It is August 22, 2016. The Johannesburg City Hall is abuzz with activity, despite the hour and the already forgotten sunset.
Economic Freedom Fighters deputy president Floyd Shivambu is front and centre in the starkly lit hall, assessing each councillor as they cast their vote for the new mayor of Johannesburg.
No one predicted that the ANC’s electoral bloodletting under former president Jacob Zuma would lead to this: the party’s loss of the City of Gold, the crown jewel, the wealthiest city on the African continent.
But it happened and one Herman Mashaba, businessman and newcomer to the political space, was the man of the moment, the Democratic Alliance’s mayoral candidate set to ascend to the post of executive mayor.
The electorate denied the ANC an outright victory, with the party receiving only 45% of the vote to the DA’s 38%, a huge rise for the official opposition.
Mashaba was the mayor who was not meant to be, but was.
DA federal chairman James Selfe told the Mail & Guardian this week that he had warned three years ago that the minority government arrangement for a city the size of Johannesburg would not be easy.
Three years to the day that the reluctant support of the EFF handed the Jo’burg council to the DA, the third motion of no confidence against Mashaba, the flamboyant former Black Like Me business tycoon, was brought by the ANC on Thursday.
Ahead of the motion, the DA was worried. It was unsure of the support of its key partner, the EFF and even whether its own councillors would vote against Mashaba.
Mashaba’s luck held — at the last minute the ANC withdrew the motion.
The ANC withdrew the motion because it needed more time to negotiate with the IFP for its vote. It is understood that during overnight talks, the IFP placed a demand for the ANC’s support in a council in KwaZulu-Natal, which the ANC could not immediately agree on.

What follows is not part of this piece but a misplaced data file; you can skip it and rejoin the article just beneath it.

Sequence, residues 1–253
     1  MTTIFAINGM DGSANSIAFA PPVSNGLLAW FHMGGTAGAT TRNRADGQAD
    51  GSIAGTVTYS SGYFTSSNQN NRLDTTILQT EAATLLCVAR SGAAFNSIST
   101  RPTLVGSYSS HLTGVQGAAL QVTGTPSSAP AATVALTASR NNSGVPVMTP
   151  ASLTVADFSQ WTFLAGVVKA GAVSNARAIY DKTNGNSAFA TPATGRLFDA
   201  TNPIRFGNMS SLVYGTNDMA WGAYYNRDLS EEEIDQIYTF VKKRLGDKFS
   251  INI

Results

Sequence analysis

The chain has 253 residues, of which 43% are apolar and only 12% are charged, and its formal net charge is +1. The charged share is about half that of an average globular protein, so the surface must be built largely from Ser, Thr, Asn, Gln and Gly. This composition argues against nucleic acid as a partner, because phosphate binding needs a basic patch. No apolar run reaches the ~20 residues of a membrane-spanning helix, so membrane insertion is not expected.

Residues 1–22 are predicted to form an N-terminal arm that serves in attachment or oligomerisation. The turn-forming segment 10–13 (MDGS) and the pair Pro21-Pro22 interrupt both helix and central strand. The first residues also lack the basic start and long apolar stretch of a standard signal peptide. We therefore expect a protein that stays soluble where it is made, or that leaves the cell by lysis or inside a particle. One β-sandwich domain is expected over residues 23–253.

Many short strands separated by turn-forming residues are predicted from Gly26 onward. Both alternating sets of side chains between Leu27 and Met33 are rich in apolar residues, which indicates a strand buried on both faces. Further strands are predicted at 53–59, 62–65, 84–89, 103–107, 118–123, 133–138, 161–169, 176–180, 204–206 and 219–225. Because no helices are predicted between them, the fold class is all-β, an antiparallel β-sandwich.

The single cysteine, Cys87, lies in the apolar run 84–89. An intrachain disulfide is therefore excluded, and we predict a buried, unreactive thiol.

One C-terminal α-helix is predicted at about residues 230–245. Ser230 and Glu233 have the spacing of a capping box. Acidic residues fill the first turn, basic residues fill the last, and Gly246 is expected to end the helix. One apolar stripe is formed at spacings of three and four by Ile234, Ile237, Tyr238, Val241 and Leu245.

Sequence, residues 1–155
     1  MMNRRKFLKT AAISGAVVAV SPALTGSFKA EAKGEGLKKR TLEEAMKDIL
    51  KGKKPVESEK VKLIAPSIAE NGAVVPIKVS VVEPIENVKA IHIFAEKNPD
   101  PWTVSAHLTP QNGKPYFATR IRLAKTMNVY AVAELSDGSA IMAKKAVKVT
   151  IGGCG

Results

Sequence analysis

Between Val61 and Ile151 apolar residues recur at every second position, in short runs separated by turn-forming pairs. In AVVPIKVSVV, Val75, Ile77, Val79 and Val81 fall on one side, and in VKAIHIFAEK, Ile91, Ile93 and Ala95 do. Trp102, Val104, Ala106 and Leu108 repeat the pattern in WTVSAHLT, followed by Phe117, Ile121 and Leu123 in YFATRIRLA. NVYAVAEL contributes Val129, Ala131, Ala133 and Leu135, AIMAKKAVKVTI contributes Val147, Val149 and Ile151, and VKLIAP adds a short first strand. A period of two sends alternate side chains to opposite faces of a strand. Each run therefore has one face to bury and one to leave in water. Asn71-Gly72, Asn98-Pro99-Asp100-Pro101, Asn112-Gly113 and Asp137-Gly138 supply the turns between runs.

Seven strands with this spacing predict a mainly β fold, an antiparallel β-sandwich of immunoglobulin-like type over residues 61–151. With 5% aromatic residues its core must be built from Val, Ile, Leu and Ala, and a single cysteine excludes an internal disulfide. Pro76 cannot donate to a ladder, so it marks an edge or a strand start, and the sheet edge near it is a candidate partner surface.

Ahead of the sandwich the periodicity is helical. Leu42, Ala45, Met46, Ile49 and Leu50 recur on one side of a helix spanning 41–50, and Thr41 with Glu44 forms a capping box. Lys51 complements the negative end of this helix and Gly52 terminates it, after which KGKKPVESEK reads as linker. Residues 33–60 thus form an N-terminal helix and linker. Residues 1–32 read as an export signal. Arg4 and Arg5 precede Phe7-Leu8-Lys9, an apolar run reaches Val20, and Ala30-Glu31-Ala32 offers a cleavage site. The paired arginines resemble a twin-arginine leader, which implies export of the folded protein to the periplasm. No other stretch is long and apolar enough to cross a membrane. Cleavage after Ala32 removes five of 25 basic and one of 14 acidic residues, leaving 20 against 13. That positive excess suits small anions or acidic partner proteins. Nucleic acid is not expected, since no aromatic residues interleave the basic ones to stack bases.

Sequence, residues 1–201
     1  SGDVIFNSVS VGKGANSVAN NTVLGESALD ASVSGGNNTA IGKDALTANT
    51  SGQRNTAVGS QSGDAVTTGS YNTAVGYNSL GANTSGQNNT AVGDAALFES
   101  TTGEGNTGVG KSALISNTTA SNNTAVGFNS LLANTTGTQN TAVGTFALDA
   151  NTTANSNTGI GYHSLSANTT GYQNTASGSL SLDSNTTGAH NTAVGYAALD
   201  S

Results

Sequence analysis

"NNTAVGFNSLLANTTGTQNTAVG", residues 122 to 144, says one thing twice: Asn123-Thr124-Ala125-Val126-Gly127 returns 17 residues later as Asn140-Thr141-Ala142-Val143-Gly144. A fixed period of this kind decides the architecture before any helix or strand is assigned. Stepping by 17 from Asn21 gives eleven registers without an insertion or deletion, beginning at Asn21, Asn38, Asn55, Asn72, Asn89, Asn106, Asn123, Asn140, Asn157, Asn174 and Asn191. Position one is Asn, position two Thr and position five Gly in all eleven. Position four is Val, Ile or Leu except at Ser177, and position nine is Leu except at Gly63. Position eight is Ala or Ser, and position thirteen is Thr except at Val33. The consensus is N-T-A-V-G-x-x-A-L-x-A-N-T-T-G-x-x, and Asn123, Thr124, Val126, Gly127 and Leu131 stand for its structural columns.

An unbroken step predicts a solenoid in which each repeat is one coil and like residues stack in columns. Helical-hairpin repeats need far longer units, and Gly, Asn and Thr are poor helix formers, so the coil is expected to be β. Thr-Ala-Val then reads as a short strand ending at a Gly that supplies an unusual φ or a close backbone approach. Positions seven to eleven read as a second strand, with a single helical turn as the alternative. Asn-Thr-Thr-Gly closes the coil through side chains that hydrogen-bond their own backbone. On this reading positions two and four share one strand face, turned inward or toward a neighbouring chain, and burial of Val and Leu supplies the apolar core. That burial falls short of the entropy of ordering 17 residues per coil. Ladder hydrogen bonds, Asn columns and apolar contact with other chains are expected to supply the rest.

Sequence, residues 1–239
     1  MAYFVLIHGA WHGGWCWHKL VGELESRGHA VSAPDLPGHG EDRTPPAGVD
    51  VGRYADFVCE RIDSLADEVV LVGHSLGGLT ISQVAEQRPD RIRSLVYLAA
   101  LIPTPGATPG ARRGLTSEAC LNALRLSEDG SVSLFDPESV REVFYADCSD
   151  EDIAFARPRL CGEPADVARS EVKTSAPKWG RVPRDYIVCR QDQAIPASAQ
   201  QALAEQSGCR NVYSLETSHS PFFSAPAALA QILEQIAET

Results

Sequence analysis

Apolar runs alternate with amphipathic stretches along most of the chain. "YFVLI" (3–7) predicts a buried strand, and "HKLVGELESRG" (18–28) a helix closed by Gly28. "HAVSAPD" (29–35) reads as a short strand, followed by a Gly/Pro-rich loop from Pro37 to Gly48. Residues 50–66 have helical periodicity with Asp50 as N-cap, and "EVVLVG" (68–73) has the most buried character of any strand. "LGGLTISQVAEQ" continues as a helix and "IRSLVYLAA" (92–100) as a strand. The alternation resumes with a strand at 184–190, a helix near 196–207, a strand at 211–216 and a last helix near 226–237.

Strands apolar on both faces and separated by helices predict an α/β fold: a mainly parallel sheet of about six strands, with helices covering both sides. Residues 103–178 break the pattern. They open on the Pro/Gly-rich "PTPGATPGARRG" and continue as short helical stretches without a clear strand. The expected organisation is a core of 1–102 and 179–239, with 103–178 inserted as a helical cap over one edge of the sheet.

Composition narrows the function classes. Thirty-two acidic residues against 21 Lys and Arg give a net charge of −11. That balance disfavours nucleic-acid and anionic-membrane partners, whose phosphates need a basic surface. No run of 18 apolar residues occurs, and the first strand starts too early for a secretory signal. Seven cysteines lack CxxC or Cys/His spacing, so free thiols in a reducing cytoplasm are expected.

It was a risky move to bring the motion, but the ANC was emboldened by three factors: its performance in key by-elections in the preceding weeks; its desire to weaken the EFF, the opponent whom it perceives as its largest electoral threat; and its winning over of some smaller parties within the council, such as the IFP.
The ANC snatched ward 109 in Midrand from the DA last month, which emboldened it to bring the motion. It has also been cosying up to the IFP, handing the party the chair of the standing committee on public accounts in Parliament.
ANC Johannesburg leader Geoff Makhubu said in an interview that the ANC had been increasing its popularity in the city since 2016, indicating that in the 2019 general elections, its support swelled to 53% from 45% in 2016, whereas the DA slipped from its 38% high in 2016 to 29% in 2019.
Events in both Jo’burg and in embattled Tshwane show that parties are positioning themselves ahead of the 2021 local government elections, which are less than two years away.
The ANC moved for the motion to expose the contradictions in the EFF and exploit the divisions in the DA — brought on mainly by Mashaba’s pandering to Julius Malema’s red berets.